In 1931-32, the Ramona School had 750 students or 250 more than the maximum number of students regarded as desirable at any single school within the school district in 1947 (San Bernardino Sun 9/24/32:13; Kump 1947:24).  In 1932-33, attendance at the Ramona School fell to 610 or 140 students less than the during the prior school year:
Decreases in the two schools maintained exclusively for Mexican pupils of the city [Ramona & Meadowbrook] are due to the extensive repatriation program carried on during the summer months.  Hundreds of Mexican families were sent back to their native country.  (San Bernardino Sun 9/24/32).
In 1947, the school district hired the Ernest J. Kump Company of San Francisco to develop a long-range building program for the San Bernardino School system (Kump 1947).  Kump evaluated the situation at the Ramona School:
The problems surrounding the Ramona School are of sufficient import to require a detailed discussion.  The current enrollment at Ramona is 845.  This figure far exceeds the 500 maximum set for our elementary schools (ibid. 48).
Nonetheless, Kump found that:
"The Ramona Elementary School has ample classroom capacity.  It needs additional playground area and will require the addition of a cafeteria-multiuse room.  Immediate steps must be taken to acquire title to the city owned property which is now used to supplement the play ground area.  The removal of the temporary classroom buildings is also a part of the permanent plan ...
"The cafeteria-multiuse building in addition to serving as cafeteria, assembly and music building will become a community center for this neighborhood."  (Ibid. 77).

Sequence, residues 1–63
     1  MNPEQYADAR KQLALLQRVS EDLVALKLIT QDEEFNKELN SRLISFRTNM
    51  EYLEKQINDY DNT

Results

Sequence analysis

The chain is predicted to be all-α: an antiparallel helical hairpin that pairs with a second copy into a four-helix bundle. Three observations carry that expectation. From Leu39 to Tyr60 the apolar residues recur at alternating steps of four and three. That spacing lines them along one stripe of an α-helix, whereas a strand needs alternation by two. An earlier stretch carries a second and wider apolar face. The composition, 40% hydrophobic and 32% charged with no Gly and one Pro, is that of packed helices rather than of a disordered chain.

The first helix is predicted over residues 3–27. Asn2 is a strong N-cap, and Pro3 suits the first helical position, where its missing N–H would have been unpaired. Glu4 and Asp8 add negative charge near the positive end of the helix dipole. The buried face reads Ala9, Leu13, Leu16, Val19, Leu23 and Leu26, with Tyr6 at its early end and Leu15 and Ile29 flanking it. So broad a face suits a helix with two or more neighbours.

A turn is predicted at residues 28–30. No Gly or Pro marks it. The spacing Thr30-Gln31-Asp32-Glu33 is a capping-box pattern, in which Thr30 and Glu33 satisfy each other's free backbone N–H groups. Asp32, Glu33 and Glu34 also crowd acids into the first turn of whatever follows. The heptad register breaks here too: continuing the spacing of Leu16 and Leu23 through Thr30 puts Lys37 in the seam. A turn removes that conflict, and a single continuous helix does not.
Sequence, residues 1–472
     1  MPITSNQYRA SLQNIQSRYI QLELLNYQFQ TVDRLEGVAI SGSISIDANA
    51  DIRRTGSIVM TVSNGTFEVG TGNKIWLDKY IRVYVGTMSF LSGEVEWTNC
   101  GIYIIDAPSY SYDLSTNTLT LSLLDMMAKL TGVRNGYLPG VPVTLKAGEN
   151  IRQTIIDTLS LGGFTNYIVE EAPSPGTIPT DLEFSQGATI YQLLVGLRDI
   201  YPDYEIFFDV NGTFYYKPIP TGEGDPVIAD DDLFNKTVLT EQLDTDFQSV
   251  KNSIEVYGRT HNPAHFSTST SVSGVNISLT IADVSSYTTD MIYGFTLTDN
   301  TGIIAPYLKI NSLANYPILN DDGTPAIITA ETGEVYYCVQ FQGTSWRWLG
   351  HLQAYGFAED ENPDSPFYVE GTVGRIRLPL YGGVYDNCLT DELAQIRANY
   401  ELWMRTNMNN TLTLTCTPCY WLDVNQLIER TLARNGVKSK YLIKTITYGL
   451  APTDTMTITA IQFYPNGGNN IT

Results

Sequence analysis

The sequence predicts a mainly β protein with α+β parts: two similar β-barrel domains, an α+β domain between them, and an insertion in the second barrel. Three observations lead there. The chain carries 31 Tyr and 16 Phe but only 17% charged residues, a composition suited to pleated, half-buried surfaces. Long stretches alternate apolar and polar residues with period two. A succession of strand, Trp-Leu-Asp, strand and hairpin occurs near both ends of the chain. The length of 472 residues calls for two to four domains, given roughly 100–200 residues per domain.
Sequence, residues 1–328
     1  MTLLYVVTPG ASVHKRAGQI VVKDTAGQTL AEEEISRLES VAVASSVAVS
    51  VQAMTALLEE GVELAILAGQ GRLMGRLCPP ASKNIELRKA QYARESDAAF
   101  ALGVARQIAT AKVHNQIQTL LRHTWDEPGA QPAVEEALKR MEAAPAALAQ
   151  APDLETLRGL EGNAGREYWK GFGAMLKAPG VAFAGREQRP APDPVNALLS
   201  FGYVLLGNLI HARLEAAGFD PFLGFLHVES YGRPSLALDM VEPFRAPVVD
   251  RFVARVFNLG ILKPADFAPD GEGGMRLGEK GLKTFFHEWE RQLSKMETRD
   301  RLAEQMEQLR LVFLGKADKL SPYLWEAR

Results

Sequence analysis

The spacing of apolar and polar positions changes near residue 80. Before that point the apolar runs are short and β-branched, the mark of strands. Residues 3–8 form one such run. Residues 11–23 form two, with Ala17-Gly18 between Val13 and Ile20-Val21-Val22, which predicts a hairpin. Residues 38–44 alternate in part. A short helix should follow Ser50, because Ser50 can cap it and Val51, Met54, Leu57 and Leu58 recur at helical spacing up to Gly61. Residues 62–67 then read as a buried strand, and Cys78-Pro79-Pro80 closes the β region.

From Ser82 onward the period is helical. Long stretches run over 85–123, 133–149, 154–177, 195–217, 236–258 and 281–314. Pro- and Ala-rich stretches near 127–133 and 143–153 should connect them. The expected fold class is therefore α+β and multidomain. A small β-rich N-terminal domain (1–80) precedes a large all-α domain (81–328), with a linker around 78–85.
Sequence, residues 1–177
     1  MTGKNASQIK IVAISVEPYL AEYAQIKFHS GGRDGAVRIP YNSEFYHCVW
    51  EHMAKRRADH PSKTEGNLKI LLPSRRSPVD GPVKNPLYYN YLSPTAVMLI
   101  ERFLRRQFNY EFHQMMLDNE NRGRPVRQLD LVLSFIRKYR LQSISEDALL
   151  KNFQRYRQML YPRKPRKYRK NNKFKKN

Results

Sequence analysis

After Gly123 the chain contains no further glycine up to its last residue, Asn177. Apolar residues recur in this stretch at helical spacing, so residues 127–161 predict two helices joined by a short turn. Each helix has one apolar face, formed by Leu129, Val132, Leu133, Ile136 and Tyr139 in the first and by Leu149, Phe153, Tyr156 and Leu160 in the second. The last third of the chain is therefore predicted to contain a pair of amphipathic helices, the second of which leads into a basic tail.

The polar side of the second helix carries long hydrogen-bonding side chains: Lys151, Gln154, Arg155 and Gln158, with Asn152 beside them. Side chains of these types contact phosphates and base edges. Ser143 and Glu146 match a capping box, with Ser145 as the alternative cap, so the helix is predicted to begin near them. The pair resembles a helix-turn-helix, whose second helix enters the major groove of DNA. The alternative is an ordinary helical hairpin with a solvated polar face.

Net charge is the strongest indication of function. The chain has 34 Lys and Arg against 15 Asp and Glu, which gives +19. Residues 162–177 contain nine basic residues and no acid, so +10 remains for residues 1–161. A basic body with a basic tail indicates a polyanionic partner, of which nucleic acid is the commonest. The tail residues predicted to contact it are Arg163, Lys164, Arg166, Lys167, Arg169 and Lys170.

One of the chief values of the Kump study was that it presented plans and an aerial photograph of the Ramona School (fig. 4).  These show a row of three temporary classroom buildings placed adjacent to the western boundary of the school property.  They also show the playground north of the school and a city-owned playground area off the northeast corner of the Ramona parcel.
In 1971, the San Bernardino Unified School District announced that it intended to abandon the Ramona Elementary School because it did not meet earthquake standards as provided in California's Field Act (San Bernardino Sun 7/27/71).  The final classes appear to have been held in 1971 when the old school housed kindergarten and grades 1-3 with an enrollment of 500 students.  The last Principal was Mr. Richard Cotter who was also Principal of the nearby Ramona-Alessandro School (grades 4-6) located at 670 N. Ramona Ave./ 1623 W. 7th Street (DPS 1971).  All Ramona School students were transferred to the Ramona-Alessandro School.